Here on Sanibel and Captiva we commonly see three species of hermit crabs: the green-striped hermit crab (Clibanarius vittatus), the tricolor hermit crab (Clibanarius tricolor), and the giant red hermit crab (Petrochirus diogenes). These crazy critters are easily recognized and observed crawling around in the shallows by beachgoers, but are rarely seen changing shells.
Our hermit crab friends belong to the order Decapoda, which literally translates to “ten-feet”. All hermit crabs have 5 pairs of walking legs with the first two modified into claws, and the last pair being greatly reduced and used to hold onto a protective shell. Hermits have a segmented body composed of a cephalothorax and a soft abdomen that requires protection from a snail shell they obtain from the environment. These fantastic crustaceans must change shells to accommodate their growth and they prefer shells that fit just right – not too small or not too big. So, when it comes time to choose a new home, these crabs can be quite picky! They often spend hours or even days, exploring new shells but when it comes time to make the switch, it happens in the blink of an eye.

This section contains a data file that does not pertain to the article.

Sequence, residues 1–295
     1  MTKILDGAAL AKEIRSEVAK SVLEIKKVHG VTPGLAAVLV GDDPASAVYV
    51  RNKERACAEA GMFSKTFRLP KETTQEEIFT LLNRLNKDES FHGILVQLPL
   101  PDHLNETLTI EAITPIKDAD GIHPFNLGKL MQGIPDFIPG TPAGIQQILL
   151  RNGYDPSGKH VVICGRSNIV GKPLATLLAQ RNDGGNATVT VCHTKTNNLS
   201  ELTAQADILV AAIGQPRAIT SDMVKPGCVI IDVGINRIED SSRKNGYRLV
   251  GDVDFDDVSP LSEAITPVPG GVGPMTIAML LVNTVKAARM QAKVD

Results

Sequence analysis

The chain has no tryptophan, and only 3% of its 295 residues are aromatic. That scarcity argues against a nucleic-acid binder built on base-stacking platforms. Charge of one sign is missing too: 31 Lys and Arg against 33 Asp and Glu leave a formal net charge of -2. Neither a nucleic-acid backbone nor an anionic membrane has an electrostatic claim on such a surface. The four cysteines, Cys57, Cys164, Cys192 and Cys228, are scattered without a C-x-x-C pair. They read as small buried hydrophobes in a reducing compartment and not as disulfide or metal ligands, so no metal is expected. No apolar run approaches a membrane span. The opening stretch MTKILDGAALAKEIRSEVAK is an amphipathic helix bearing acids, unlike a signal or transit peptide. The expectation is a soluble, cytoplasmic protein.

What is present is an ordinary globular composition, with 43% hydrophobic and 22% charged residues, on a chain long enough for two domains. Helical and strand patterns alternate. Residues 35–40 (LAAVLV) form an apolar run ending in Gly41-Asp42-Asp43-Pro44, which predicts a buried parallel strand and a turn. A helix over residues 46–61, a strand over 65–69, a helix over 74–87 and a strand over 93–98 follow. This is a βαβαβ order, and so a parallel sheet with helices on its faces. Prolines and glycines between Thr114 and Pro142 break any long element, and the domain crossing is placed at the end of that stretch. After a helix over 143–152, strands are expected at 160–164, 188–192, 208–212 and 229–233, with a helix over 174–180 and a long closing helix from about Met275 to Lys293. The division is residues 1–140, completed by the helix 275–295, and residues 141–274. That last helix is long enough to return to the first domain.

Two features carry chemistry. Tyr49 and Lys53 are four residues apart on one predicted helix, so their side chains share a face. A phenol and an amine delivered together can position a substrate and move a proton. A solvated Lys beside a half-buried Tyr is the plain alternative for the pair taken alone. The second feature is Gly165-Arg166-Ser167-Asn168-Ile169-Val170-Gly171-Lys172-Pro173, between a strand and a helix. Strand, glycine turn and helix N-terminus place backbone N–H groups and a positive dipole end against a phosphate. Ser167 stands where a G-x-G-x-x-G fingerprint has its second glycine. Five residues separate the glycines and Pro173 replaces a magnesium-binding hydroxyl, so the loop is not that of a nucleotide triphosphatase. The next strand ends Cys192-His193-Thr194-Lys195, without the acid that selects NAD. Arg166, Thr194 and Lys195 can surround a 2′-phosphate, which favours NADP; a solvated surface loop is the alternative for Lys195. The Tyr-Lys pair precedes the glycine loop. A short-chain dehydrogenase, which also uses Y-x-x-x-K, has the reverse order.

We caught one of our own green-striped hermit crabs as she settled into a shiny new Banded Tulip shell, after her shell suffered damage from a feisty Stone Crab. Enjoy the show – we sure did.